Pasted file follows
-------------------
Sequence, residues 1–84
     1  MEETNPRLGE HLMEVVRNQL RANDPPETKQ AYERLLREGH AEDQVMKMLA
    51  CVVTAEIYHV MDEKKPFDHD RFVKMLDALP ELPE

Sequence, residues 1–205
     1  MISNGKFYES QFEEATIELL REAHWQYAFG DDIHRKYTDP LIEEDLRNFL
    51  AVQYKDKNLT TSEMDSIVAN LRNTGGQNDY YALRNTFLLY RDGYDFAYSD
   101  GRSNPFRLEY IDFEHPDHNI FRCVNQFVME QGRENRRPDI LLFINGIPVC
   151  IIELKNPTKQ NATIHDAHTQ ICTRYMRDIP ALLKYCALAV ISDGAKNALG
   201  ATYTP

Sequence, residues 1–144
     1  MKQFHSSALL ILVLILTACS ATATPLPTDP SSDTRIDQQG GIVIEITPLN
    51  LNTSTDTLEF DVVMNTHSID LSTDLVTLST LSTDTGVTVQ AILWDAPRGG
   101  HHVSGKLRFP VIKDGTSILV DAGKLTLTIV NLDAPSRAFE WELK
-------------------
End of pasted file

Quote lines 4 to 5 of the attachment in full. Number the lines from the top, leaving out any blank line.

Sequence, residues 1–205
     1  MISNGKFYES QFEEATIELL REAHWQYAFG DDIHRKYTDP LIEEDLRNFL